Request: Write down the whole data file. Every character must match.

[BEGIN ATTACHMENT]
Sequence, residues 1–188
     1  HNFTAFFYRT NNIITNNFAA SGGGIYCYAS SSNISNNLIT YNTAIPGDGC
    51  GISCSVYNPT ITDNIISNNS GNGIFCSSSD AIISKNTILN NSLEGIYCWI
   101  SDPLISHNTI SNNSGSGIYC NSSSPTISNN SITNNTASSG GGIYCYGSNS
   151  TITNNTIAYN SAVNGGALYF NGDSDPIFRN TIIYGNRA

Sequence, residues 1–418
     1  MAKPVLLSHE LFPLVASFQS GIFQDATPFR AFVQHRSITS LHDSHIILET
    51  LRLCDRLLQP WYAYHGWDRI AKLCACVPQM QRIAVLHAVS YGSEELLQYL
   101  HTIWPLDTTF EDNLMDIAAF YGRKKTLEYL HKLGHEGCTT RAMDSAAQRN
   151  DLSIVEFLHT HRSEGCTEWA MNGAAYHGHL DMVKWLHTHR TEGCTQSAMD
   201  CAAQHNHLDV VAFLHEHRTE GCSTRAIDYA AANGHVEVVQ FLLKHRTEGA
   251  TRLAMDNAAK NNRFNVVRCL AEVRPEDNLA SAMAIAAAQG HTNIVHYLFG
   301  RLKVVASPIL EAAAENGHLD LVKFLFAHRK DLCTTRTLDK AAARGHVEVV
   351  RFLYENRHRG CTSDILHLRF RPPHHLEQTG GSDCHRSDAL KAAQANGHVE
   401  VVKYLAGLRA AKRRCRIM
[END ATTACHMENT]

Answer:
Sequence, residues 1–188
     1  HNFTAFFYRT NNIITNNFAA SGGGIYCYAS SSNISNNLIT YNTAIPGDGC
    51  GISCSVYNPT ITDNIISNNS GNGIFCSSSD AIISKNTILN NSLEGIYCWI
   101  SDPLISHNTI SNNSGSGIYC NSSSPTISNN SITNNTASSG GGIYCYGSNS
   151  TITNNTIAYN SAVNGGALYF NGDSDPIFRN TIIYGNRA

Sequence, residues 1–418
     1  MAKPVLLSHE LFPLVASFQS GIFQDATPFR AFVQHRSITS LHDSHIILET
    51  LRLCDRLLQP WYAYHGWDRI AKLCACVPQM QRIAVLHAVS YGSEELLQYL
   101  HTIWPLDTTF EDNLMDIAAF YGRKKTLEYL HKLGHEGCTT RAMDSAAQRN
   151  DLSIVEFLHT HRSEGCTEWA MNGAAYHGHL DMVKWLHTHR TEGCTQSAMD
   201  CAAQHNHLDV VAFLHEHRTE GCSTRAIDYA AANGHVEVVQ FLLKHRTEGA
   251  TRLAMDNAAK NNRFNVVRCL AEVRPEDNLA SAMAIAAAQG HTNIVHYLFG
   301  RLKVVASPIL EAAAENGHLD LVKFLFAHRK DLCTTRTLDK AAARGHVEVV
   351  RFLYENRHRG CTSDILHLRF RPPHHLEQTG GSDCHRSDAL KAAQANGHVE
   401  VVKYLAGLRA AKRRCRIM